There are so many things we anxiously avoid because we do not really want to know. We do not want to know the answers to our questions, so we do not ask, we do not search, we do not try. When we do search, we many times find that what we were fearing is not real. Other times, we find that our fears are well-founded and then the job is to overcome the fear by facing it. Either way, we must move toward the stress, toward the details, toward that which evokes anxiety. We must figure it out, see it, examine it, admire it, accept it.
As we become adults, most of us gain the ability to have self-awareness – being able to look at ourselves from the outside, the equivalent of seeing ourselves from another’s perspective. And many of us know that when you do this sort of self-analysis ad infinitum, you can get lost inside yourself. This is partly because when you are doing your own self-analysis, you don’t need the perspective of others. It causes a serious drag on our processing, though, and it fatigues us from over-thinking (also called anxiety).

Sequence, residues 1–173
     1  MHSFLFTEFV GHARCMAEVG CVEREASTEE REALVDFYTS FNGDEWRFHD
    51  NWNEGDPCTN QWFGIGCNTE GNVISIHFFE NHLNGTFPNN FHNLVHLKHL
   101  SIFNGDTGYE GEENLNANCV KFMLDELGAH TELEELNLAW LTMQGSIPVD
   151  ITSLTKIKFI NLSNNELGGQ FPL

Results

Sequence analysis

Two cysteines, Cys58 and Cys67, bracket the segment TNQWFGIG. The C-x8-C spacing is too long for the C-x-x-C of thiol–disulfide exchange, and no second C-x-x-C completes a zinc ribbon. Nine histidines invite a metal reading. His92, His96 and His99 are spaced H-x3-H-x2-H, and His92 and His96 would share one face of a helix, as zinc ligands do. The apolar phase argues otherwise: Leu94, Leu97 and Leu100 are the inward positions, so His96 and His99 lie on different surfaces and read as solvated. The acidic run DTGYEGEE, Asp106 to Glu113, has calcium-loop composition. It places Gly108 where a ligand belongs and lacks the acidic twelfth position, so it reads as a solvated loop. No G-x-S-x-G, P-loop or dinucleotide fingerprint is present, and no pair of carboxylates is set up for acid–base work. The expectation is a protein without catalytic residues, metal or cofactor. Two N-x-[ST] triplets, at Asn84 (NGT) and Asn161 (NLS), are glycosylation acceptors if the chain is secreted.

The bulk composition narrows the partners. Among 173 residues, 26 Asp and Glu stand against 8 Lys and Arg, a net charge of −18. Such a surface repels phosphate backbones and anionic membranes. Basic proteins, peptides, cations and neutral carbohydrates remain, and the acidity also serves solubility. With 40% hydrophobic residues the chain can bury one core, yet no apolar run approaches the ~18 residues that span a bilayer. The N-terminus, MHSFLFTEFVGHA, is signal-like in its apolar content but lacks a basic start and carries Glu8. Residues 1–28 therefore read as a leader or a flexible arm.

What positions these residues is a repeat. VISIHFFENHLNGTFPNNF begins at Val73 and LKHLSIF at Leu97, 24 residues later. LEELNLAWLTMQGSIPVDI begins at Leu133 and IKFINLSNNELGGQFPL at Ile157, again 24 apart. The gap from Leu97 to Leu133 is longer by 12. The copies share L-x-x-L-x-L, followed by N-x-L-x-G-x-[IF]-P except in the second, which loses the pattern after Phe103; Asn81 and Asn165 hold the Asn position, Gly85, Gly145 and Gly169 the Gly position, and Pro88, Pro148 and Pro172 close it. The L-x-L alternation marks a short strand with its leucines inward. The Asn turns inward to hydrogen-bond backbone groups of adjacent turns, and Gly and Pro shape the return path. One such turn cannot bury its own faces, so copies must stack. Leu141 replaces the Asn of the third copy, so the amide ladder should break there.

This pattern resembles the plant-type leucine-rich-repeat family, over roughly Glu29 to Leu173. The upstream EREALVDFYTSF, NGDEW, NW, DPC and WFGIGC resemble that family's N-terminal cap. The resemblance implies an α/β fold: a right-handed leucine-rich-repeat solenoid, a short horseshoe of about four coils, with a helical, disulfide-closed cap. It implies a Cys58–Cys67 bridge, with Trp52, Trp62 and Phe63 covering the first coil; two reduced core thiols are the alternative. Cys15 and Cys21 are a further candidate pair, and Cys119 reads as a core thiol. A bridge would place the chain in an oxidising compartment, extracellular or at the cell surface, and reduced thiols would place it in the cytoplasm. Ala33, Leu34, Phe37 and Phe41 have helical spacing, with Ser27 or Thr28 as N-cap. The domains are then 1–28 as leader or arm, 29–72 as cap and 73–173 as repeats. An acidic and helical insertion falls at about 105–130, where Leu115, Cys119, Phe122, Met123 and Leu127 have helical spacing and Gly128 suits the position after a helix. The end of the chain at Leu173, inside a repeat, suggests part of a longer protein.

In order to love and accept our life and those around us as they are, we must learn to grieve what we thought they would be. Without doing that, we will always love our ideals more than we love the actual thing. This does not mean we have to stop wishing for things, for hope is a good thing. In fact, if we do not do this sort of grieving, we will not be able to hope. We will only have depression – the kind that follows when we do not get what we thought we should have. Everyone goes through this kind of disillusionment – mostly in our adulthood (there is a normal developmental idealism that carries us through our youth). Our marriages, our careers and our lives in general undergo this disillusionment and it is totally normal! Maturity is the consistent “surrendering” of our ideals to attempt to love what is, rather than what we hoped would be. Again, the hope is good. Our demands for what we hope are what are dangerous.